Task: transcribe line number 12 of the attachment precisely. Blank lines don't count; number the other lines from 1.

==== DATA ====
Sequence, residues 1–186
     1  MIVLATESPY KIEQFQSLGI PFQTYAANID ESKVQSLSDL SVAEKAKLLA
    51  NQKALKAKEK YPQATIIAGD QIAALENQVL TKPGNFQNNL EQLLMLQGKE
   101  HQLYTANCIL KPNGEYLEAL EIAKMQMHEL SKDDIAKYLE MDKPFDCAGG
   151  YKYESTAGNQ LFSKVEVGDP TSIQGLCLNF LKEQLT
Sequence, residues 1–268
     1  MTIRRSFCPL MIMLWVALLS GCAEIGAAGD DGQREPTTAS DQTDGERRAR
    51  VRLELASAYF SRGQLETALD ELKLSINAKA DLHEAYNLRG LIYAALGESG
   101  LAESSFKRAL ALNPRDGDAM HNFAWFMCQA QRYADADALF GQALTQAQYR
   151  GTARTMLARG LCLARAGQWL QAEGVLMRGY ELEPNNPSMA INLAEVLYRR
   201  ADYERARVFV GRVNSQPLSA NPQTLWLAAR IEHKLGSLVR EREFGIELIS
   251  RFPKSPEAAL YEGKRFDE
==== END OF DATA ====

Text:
   251  RFPKSPEAAL YEGKRFDE